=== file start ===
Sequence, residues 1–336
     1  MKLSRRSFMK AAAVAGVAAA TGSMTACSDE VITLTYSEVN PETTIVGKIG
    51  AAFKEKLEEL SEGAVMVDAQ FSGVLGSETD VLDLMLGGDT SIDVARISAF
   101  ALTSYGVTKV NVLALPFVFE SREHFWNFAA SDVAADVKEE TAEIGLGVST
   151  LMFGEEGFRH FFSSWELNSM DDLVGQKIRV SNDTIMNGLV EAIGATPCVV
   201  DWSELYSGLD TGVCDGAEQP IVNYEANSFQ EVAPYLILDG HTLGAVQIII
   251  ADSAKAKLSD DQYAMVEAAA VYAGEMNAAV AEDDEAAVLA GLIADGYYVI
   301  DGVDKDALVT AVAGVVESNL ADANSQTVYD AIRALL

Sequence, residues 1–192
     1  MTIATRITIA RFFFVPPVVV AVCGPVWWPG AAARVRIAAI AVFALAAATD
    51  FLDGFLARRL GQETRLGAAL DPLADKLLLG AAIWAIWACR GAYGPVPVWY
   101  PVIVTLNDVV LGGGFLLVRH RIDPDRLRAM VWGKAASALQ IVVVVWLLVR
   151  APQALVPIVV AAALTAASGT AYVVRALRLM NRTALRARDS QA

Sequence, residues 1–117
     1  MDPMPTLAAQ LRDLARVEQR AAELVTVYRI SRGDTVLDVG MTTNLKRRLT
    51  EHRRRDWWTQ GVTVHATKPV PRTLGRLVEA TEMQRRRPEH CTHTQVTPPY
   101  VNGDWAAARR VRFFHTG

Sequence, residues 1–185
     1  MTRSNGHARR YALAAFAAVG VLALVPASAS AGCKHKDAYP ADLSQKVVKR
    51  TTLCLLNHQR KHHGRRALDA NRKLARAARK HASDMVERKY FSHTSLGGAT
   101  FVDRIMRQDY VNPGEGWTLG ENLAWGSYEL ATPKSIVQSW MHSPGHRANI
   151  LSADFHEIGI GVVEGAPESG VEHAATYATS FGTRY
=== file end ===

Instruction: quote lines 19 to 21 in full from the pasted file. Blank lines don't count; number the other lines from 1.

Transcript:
     1  MTRSNGHARR YALAAFAAVG VLALVPASAS AGCKHKDAYP ADLSQKVVKR
    51  TTLCLLNHQR KHHGRRALDA NRKLARAARK HASDMVERKY FSHTSLGGAT
   101  FVDRIMRQDY VNPGEGWTLG ENLAWGSYEL ATPKSIVQSW MHSPGHRANI